Given that I once worked at GES-ELECTRONICS as for two and a half years (before the company disappeared), we refurbished batteries for everything.. I saw dozens of batteries for bikes and scooters. They cannot be disposed of in an ecological way, they burn in water (we had a few "short-circuited" batteries in the company and it still smelled the next day...) and it is the biggest burden on the environment - everything that revolves around "GREEN EKO" is a LIE. And back to electric cars:
According to "Kelley Blue Book", the current cost of producing an electric car is $56,437. An electric car is two to eighteen times more expensive than a vehicle with an internal combustion engine. The cost of making these batteries has been slowly falling over the past few years, but recent spikes in the cost of nickel and lithium carbonate could add $7,000 to the price of an electric car this year alone.
Electric car prices will jump by 15 % as Chinese raw materials have become more expensive. These increases do not include the rising cost of nickel, another important metal used in the production of lithium-ion batteries. Nickel prices have also jumped in recent weeks, making batteries more expensive overall.
And there is no reliable infrastructure to keep electric cars charged and ready to hit the roads. And the industry is heavily dependent on expensive raw materials imported from China and Russia. And raw materials from China and Russia will continue to grow rapidly..

2 years ago

When I was a little boy, they used to say about something that "it's on batteries", when you wanted to describe the unreliability of that thing. I think this is always true, and I would even say that it is twice as much for batteries (sorry, accumulator...) based on lithium.
As for the power required for charging, I made a similar calculation, but based on the amount of diesel consumed in the CR. I didn't add gas. I calculated Temelin for 1000MW:
4.8 million tons of diesel per year = an average of 13 million kg per day = 11 * 13 * 10^6 kWh = 143*10^6 kWh = 143 GWh per 24h. From this, about 50 GWh mech is obtained for the "drive" (energy on the shaft) with an efficiency of around 35%. energy.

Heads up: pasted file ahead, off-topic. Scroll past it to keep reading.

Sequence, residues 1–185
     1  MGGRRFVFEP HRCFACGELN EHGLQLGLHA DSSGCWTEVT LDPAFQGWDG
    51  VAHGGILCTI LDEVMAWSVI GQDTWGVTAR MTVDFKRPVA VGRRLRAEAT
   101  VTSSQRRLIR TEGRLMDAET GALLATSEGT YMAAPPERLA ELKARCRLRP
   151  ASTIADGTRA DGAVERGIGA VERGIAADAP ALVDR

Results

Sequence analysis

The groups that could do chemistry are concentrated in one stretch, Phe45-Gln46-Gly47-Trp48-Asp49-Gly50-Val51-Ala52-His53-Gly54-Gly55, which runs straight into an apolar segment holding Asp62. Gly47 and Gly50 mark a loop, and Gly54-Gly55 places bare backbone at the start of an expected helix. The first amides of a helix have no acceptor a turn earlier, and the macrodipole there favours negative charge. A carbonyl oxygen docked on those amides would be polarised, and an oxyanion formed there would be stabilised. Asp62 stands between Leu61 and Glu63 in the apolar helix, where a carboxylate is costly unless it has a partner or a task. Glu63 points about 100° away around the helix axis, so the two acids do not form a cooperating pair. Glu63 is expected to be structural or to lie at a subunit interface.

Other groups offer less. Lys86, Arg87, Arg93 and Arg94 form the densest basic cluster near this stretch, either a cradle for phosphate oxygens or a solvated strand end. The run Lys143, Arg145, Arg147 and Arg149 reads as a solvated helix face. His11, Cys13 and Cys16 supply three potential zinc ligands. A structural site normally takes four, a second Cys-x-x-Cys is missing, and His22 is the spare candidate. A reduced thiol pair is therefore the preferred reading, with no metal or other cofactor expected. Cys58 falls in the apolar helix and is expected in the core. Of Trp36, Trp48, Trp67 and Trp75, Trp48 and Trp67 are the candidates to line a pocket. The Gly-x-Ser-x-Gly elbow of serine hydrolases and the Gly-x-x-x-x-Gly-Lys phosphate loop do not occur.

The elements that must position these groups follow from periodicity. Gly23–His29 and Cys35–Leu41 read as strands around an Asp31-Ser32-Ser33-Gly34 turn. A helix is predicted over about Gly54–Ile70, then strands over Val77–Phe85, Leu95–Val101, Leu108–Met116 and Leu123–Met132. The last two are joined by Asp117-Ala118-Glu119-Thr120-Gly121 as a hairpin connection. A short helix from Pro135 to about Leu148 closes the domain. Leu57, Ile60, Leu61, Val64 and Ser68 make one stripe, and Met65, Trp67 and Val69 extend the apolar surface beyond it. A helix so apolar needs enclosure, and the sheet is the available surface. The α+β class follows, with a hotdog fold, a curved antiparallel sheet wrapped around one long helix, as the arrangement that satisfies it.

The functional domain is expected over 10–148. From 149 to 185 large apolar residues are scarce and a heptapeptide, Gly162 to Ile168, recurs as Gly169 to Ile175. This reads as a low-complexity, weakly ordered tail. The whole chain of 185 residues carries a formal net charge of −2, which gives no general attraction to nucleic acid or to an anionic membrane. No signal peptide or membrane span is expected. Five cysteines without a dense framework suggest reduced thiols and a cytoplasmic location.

The electric car has a total efficiency of approx. 80%, i.e. it needs a motor for 1 GWh. energy 1.25 GWh. Thus, for 50 GWh, the need is 62.5 GWh of energy in the "socket".

One block of Temelina produces 24 GWh in 24 hours, so when replacing diesel vehicles with battery ones, we would theoretically need 3 blocks the size of Temelina (1000MW) for charging.

However, the above applies only if the charging of all these vehicles is evenly distributed in space and time. However, this is definitely not true. Spatial and temporal fluctuations in the demand for charging cannot be satisfied other than by sufficiently over-dimensioning both the source and the transmission system. The situation can be compared to a well, which has enough water to meet the demand of the village, but the spring is weak, so if several people gather at the pump at once, they have to wait for the water to "flow".

Reply  Jan Tománek
2 years ago

You didn't get it. In 2035, only 5 to 10= of the current population will live on earth. This is why the production of waste and water sludge is increasing exponentially and the planet is being infested with cadmium. You can't run away from it, you can't cure it, you can't remove it. If the one-child method were used, the population would decrease by about 9% in one generation and by 18 years in 2 generations (40 years). That is not enough. Everything would be infested by now. I guarantee you that no more cars will be needed.

Now we can discuss, for example, how production in factories will be reduced when demand is reduced, What will be used to pay for road maintenance when fewer cars drive on them. How will people live? If they will move from apartment buildings to empty family houses. Some neighborhoods and municipalities are condemned to decay and the heirs get nothing for those properties.